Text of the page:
Landcare news and tips
When the temperature in North Texas inches toward triple digits, you may be tempted to water your grass, as well as your plants, shrubs and trees, as much as possible. However, over watering your lawn can cause root rot and make your lawn much more susceptible to disease. Shaded areas getting too much water may cause the grass to die. Trying to regrow it by adding fertilizer can make the grass grow back, but more mowing will be required as well as de-thatching.
On the other hand, not watering enough can result in unsightly, brown, dying grass. Grass can go dormant after not being watered for two to three weeks and still survive. However, infrequent watering, or not watering at all, after four to six weeks of dry, hot weather, can kill the grass completely.
So, how do you know when you’re watering too much or when you’re not watering enough? Knowing how much water your lawn needs, at different times of the year, and for the particular grass that you have may leave you with more questions than answers.
There are many online resources and apps that can be targeted to the Dallas Fort Worth area that can help you determine how to water your lawn for optimum results.
If you live in a city that is a client of the North Texas Municipal Water District, the Texas A&M AgriLife Extension offers WaterMyYard.org to provide water saving tips and ways to keep your yard healthy.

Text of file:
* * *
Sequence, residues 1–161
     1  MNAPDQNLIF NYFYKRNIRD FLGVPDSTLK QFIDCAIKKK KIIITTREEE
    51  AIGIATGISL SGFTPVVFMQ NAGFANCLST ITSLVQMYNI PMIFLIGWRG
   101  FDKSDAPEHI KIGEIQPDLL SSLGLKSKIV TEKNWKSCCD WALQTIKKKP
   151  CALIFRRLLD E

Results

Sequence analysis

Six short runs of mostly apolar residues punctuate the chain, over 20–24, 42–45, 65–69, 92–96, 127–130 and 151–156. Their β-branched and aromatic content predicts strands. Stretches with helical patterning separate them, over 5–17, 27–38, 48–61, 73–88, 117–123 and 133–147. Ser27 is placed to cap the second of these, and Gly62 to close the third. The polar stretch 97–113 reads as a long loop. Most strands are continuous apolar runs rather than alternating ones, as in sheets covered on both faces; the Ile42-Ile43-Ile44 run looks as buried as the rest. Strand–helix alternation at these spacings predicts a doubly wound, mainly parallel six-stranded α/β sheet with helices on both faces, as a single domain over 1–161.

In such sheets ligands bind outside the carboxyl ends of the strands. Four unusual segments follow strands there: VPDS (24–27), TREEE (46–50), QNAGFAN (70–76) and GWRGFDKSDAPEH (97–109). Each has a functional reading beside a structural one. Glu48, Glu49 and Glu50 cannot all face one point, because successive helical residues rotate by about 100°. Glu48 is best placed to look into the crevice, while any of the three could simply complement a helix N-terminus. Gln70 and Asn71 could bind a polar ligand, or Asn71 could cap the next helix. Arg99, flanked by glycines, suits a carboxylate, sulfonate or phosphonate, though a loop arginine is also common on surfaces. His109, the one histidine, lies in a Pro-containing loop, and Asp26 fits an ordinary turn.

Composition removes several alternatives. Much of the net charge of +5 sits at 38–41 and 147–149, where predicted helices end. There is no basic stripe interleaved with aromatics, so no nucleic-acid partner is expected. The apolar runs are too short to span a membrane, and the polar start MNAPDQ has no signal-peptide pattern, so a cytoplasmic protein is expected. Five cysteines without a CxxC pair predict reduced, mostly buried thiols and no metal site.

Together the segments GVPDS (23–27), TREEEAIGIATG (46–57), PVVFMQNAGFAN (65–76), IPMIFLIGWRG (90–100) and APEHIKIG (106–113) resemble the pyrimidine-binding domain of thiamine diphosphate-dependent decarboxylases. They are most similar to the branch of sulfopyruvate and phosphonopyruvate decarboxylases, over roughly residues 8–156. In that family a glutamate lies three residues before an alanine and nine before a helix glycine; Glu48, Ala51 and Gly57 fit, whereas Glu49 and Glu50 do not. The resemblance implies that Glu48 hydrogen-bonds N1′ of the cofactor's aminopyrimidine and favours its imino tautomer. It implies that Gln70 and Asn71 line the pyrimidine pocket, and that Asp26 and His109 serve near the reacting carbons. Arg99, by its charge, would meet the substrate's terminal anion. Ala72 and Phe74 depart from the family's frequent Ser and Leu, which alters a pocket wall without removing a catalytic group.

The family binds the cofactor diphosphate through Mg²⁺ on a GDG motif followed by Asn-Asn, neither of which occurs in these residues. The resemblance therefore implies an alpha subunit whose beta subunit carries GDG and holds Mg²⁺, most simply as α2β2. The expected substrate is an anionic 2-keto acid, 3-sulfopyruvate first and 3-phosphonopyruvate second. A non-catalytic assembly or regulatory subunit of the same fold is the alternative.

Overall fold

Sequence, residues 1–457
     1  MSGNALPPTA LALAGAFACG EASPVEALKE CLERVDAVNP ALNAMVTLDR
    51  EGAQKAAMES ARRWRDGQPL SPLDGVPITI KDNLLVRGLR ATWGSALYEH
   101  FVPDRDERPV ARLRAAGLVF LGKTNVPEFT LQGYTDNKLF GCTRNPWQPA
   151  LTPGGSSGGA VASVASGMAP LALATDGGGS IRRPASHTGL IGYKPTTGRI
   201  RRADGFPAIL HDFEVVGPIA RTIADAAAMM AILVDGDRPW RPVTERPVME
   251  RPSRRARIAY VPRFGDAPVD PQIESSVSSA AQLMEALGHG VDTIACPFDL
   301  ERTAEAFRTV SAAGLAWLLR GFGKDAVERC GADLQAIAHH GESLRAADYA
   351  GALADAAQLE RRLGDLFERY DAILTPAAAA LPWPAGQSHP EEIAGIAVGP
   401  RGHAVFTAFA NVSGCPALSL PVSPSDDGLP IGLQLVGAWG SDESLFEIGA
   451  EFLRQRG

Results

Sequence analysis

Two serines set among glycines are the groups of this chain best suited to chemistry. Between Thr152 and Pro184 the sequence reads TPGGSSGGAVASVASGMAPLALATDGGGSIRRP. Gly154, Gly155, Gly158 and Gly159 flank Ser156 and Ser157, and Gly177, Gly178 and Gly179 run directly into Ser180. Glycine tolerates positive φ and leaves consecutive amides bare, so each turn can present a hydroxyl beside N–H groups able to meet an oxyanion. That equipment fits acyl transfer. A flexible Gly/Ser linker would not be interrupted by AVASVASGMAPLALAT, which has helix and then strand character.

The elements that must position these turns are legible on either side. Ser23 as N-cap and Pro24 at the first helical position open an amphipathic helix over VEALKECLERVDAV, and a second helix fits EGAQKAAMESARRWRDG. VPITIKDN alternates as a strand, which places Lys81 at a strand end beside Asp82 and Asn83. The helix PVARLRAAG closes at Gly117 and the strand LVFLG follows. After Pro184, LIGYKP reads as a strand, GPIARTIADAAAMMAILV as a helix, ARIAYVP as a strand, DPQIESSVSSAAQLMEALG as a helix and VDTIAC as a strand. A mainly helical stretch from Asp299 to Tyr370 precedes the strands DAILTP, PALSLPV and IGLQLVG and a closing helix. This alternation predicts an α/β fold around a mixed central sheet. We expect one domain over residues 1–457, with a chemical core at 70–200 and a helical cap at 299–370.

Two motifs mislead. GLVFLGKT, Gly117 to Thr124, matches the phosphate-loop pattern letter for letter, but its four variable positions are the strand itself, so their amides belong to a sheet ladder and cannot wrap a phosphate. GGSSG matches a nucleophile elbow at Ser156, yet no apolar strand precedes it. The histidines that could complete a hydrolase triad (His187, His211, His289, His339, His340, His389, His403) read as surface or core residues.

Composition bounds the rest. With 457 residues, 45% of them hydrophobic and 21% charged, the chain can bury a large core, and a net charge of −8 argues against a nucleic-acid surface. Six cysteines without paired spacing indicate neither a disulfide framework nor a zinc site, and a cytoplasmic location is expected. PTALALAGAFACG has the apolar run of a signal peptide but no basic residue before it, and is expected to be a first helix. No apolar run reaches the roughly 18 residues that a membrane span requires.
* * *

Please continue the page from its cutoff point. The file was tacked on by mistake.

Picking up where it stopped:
Another site, SprinkerTimes.com, provides an app, for a nominal fee, that allows you to enter your zip code to calculate the average weather data, based on the last twenty years, for your specific location. You then enter your plant type (grass, shrubs and trees, drought tolerant plants, annual flowers, or newly planted plants), sprinkler type, soil type, and amount of sun exposure. The app will generate a monthly watering schedule customized specifically for your landscape.
In addition to websites and apps, there are also smart sprinkler system controllers that can replace your existing control box. These are available at places like Home Depot, Amazon, and Best Buy for a few hundred dollars or less.
These systems work similarly to the SprinklerTimes.com app where you enter information about your plants, soil, and sun exposure for each zone of your yard. Then, watering cycles are automatically calculated to deliver just the right amount of water.
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